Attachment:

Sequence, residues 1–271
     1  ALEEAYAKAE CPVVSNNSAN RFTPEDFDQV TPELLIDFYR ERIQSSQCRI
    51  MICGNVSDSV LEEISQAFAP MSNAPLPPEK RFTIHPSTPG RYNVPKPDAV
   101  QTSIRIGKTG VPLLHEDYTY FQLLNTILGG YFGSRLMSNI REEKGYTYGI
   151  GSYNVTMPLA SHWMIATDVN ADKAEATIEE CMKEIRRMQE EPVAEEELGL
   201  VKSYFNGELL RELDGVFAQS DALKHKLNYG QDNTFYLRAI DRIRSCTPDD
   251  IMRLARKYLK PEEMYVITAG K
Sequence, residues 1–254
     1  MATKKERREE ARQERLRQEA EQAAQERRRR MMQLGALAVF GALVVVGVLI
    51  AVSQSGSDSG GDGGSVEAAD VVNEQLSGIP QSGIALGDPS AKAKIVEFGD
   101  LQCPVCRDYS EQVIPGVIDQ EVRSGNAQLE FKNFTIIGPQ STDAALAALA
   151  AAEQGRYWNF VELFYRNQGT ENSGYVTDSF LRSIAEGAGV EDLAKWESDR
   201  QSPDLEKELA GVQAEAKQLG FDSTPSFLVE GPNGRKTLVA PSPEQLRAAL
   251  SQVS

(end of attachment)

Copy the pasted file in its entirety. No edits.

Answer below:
Sequence, residues 1–271
     1  ALEEAYAKAE CPVVSNNSAN RFTPEDFDQV TPELLIDFYR ERIQSSQCRI
    51  MICGNVSDSV LEEISQAFAP MSNAPLPPEK RFTIHPSTPG RYNVPKPDAV
   101  QTSIRIGKTG VPLLHEDYTY FQLLNTILGG YFGSRLMSNI REEKGYTYGI
   151  GSYNVTMPLA SHWMIATDVN ADKAEATIEE CMKEIRRMQE EPVAEEELGL
   201  VKSYFNGELL RELDGVFAQS DALKHKLNYG QDNTFYLRAI DRIRSCTPDD
   251  IMRLARKYLK PEEMYVITAG K
Sequence, residues 1–254
     1  MATKKERREE ARQERLRQEA EQAAQERRRR MMQLGALAVF GALVVVGVLI
    51  AVSQSGSDSG GDGGSVEAAD VVNEQLSGIP QSGIALGDPS AKAKIVEFGD
   101  LQCPVCRDYS EQVIPGVIDQ EVRSGNAQLE FKNFTIIGPQ STDAALAALA
   151  AAEQGRYWNF VELFYRNQGT ENSGYVTDSF LRSIAEGAGV EDLAKWESDR
   201  QSPDLEKELA GVQAEAKQLG FDSTPSFLVE GPNGRKTLVA PSPEQLRAAL
   251  SQVS